By Clemente Lisi – NEW YORK, NY (Jun 14, 2010) US Soccer Players — World Cup fever has taken over America. The tournament may just be days old, but the excitement among American fans has already hit a climax. Helping to fuel the passion have been public gatherings, where throngs of fans of all nationalities have come together in a festive atmosphere to root for their favorite country.
Though not a new phenomenon in South America, Africa and Europe, American TV viewers are fairly new to the sport and the habit of watching in groups. With ESPN and Spanish-language network Univision broadcasting all 64 games live and cities across the fruited plain accommodating fans in public plazas, people don’t need to fly 17 hours to South Africa to soak in the pageantry that is the World Cup.
Viewing parties will take place all over the country – from San Francisco to Washington, DC, and dozens of cities in between – as the World Cup reaches a fever pitch. With matches on during work hours, however, many fans will have to get creative. Dducking out of their offices to take two-hour lunch breaks or secretly watching on their computers.
“Some of my colleagues and I plan to walk out whenever we can and go to a nearby bar for meetings,” said John Larsen, who works as an accountant in New York City. “Other times, I’ll have to watch on the computer or keep track of what’s going on with my phone.”
This past weekend, however, allowed fans the time to take in games without having to worry about work. Gone are the days of empty bars and movie theaters where matches aired on closed-circuit screens. These days, flag-clad people decked out in face paint watched on jumbo monitors setup on city streets. Even MLS teams have gotten in on the act by allowing fans to come see games at their stadiums while the League takes a two-week break for the duration of the tournament’s first round.
In the melting pot that is New York, home to immigrants from around the globe, the World Cup has always been a special event. This year, it has grown even larger in popularity. Fans are getting their Cup fill at Puma City NY. Aside from showing games on a giant screen in a beer garden setting during the day at the mouth of the East River, the place will also host youth clinics between games and African-themed music and dancing at night.
Across the river in Brooklyn, nearly 300 flag-waving fans packed a closed-off street near the bar Woodwork to watch the nerve-wracking US-England game. Clint Dempsey’s goal – following England goalkeeper David Green’s flub – set off loud cheers as the US managed a 1-1 draw. All part of a party that started in the afternoon and lasted well into the night. A few even blew vuvuzelas – those irritating South African horns that have made stadium crowds sound like a hornet’s nest buzzing through your TV – just to enliven the mood a little further.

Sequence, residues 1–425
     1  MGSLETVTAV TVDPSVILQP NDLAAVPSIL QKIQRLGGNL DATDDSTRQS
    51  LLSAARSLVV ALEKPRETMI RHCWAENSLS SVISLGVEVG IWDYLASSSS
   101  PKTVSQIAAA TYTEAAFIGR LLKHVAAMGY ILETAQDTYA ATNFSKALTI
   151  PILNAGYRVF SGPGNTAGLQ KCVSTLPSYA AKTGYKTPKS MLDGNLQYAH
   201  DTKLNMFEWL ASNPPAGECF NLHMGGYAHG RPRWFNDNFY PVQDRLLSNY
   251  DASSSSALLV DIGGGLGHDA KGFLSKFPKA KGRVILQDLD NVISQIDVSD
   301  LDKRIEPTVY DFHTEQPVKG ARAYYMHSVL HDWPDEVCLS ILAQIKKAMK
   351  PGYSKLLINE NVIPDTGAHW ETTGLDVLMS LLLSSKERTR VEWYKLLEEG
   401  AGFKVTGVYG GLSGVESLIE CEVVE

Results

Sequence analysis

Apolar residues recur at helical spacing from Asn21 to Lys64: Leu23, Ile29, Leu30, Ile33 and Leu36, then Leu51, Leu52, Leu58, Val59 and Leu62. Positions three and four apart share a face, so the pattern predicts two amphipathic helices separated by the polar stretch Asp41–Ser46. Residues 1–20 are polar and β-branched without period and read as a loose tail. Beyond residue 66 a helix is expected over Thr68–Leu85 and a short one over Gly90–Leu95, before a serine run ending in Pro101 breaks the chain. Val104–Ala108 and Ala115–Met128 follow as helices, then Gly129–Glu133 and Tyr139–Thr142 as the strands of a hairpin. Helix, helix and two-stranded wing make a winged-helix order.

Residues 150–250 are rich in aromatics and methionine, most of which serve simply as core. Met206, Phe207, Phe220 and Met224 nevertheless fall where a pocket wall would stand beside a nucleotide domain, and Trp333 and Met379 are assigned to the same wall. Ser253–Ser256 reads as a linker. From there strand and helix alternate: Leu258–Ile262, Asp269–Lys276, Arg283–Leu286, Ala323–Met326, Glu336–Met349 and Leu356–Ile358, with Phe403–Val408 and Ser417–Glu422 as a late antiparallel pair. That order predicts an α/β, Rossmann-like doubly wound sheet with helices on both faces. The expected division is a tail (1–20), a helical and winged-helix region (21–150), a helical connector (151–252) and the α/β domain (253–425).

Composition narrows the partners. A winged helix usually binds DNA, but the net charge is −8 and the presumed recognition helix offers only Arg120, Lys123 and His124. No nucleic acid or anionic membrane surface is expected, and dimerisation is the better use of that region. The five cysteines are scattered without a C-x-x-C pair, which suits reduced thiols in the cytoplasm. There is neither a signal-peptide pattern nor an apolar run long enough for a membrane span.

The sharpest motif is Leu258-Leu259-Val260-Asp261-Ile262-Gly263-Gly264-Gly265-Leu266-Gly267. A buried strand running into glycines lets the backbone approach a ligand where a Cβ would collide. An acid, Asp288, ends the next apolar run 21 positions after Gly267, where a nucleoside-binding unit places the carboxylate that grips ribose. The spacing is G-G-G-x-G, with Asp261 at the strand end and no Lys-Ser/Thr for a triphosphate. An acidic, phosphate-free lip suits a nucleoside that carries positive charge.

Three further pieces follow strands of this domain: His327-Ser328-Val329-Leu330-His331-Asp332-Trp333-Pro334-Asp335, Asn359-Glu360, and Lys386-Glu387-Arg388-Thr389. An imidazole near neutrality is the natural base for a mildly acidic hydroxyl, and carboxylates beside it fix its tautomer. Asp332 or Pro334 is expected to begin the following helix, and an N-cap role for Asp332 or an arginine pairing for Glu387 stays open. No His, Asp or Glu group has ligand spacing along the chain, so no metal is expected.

The game was also played on four of the largest digital billboards in Times Square– one of 11 matches that will be shown over the next month – as part of a marketing campaign sponsored Visa called “Go Fans.” Locals and tourists alike wandered around the closed streets to watch.
“Our aim with ‘Go Fans’ was to capture the unique passion of soccer fans and provide them an outlet to express their nationalistic pride," said Antonio Lucio, Visa’s chief marketing officer.
Across the Hudson River in Harrison, NJ, the New York Red Bulls hosted fans, for free, at the team’s new arena to watch the US-England match from inside the stadium’s two large video boards. Nearly 800 fans showed up. The team will also show the Group G clash between Brazil and Portugal on June 25th to accommodate Brazilian and Portuguese immigrants who live in nearby Newark and the traditionally ethnic enclave known as The Ironbound. An even bigger crowd is expected that day.
“It is absolutely incredible to watch and cheer on the US along with hundreds of other fans in the same place,” said Pete Santos, 41, who was born in Brazil. “This reminds me of watching the World Cup when I was a kid in Brazil. It really looks like Americans finally understand the passion that is soccer and the World Cup.”
Clemente Lisi is the author of “A History of the World Cup: 1930-2006.” His new book "The US Women's Soccer Team: An American Success Story" will be available in June. Contact him at: CAL4477@yahoo.com. Follow him on Twitter at: twitter.com/ClementeLisi